Swiss citizens will soon once again be able to host their family members who live in the European Union, as the Alpine nation continues to ease restrictions imposed to reduce the spread of coronavirus.
And Switzerland’s borders may soon be reopened, Bern hinted on Friday, with migration resuming and officials working to process a backlog of applications from people seeking employment in the country.
“The controls at the border will continue,” the government said. “Border crossings will be opened in consultation with the domestic and foreign partner authorities and communicated accordingly.”
There have been more than 1,500 deaths from coronavirus in Switzerland, but the number of new cases has been on a downward trend for more than a month, with daily new cases in the past week numbering between 28 and 119.
Among more than 30,000 registered cases in total, fewer than 23 percent were among the over-70s, which may help account for the relatively low death toll.
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With restaurants due to reopen from Monday, strict rules are in place to ensure customer and employee safety.
Waiters and guests will not be required to wear masks, though kitchen personnel may have to. Tables will have a maximum of four people allowed at each, and they must be two metres (6.5 feet) apart or separated by dividing walls.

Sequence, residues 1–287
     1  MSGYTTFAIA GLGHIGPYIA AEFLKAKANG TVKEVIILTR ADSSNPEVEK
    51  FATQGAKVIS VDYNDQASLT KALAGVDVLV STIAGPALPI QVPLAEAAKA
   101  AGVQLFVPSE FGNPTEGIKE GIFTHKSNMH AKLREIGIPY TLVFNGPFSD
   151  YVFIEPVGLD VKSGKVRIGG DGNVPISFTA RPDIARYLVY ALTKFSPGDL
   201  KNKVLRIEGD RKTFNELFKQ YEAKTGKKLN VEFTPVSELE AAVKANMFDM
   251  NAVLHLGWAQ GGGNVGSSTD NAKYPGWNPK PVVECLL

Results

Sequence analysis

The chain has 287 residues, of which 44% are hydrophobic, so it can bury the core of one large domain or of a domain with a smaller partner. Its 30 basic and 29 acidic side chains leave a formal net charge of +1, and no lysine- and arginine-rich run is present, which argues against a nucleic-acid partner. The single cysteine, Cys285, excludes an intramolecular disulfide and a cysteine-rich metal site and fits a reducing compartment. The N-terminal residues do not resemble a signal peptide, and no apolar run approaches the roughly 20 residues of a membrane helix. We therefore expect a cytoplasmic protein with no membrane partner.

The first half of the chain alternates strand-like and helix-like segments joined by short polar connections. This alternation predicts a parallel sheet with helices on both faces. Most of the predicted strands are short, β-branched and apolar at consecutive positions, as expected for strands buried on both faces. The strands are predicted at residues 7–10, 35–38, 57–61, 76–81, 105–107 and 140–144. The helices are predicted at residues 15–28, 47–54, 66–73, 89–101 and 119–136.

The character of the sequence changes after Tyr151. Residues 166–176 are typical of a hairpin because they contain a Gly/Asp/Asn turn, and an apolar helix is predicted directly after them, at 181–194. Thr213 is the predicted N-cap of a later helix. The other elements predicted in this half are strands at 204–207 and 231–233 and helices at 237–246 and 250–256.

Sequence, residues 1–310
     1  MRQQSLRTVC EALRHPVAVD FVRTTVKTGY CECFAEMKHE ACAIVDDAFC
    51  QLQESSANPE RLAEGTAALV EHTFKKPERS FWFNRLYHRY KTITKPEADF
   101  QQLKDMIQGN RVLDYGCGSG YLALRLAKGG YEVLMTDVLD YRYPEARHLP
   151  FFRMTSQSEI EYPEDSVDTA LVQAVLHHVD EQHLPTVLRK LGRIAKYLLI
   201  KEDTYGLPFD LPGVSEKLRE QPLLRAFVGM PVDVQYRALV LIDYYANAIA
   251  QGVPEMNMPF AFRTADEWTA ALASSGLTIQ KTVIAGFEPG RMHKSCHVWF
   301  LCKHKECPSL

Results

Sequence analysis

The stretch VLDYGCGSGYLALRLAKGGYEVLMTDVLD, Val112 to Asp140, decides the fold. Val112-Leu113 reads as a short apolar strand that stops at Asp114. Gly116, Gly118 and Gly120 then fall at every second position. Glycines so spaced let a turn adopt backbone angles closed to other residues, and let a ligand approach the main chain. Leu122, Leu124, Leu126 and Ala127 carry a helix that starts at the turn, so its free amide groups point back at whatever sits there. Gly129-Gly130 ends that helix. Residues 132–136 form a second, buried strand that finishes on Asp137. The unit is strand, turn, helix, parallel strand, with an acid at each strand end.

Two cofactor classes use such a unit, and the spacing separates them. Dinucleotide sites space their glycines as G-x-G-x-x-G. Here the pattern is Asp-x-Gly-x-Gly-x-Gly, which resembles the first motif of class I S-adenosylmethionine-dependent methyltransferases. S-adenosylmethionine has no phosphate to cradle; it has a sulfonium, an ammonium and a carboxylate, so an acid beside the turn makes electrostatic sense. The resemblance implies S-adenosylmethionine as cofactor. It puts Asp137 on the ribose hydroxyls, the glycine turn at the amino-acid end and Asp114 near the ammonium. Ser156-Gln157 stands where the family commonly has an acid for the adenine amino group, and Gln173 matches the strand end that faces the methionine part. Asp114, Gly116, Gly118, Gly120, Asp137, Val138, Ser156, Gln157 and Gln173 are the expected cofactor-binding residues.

Restaurants must ask for contact details from guests, though they are not obliged to provide them.
But the government has not won over everybody with its schedule for reopening. A survey of more than 32,000 people across Switzerland carried out in the past week revealed only 36 percent supported the timetable for lifting lockdown.
The study, carried out by the Sotomo Institute, said 23 percent of respondents thought the government was moving too slowly, while 42 percent said it was “fast” or “too fast”, reported local media website Le News. However, a majority – 60 percent – said they had confidence in the government.
The Swiss government also said it would test a voluntary contact tracing app for smartphones meant to alert people if they have been too near people who later test positive for the coronavirus.
The system, part of the nation’s long-term strategy to contain COVID-19 and avoid being overwhelmed by a second wave, could go live once Parliament addresses the measure in June.
The government also announced 65 million Swiss francs ($67 million) in aid for daycare centres after Parliament supported the move this week.
Last month, Switzerland began fining “shopping tourists” – those who hopped the border to buy cheaper groceries, for example – for hindering the work of border guards. Those caught travelling internationally without good reason have been made to pay 100 francs ($104).